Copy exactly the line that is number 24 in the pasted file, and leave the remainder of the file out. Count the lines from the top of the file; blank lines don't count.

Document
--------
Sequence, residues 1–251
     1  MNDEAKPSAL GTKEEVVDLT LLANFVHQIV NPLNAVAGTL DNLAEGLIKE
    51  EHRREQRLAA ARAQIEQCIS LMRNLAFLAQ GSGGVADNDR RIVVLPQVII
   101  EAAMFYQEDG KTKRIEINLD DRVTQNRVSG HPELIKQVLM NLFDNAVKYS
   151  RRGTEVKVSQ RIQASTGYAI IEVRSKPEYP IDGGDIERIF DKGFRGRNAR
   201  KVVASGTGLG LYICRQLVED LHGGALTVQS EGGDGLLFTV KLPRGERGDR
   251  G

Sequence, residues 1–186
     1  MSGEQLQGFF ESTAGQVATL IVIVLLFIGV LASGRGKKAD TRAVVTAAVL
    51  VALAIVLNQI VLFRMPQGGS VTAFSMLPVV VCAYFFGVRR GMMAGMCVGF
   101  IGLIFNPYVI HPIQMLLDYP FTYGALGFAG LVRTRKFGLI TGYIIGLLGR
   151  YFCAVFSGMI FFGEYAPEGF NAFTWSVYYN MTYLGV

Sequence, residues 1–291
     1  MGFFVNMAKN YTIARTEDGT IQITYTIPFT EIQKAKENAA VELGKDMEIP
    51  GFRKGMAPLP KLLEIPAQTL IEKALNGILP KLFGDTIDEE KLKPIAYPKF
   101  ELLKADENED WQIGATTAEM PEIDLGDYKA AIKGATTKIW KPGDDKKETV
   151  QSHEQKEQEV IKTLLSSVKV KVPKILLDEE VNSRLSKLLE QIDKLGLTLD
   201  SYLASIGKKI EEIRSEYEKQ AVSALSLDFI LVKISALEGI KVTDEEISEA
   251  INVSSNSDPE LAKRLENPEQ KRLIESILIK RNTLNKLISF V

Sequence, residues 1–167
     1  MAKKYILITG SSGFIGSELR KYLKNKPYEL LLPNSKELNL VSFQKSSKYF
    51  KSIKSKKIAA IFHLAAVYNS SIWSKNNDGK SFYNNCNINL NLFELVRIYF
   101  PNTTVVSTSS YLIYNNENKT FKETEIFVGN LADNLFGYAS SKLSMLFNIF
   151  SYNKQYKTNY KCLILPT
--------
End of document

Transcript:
   151  SYNKQYKTNY KCLILPT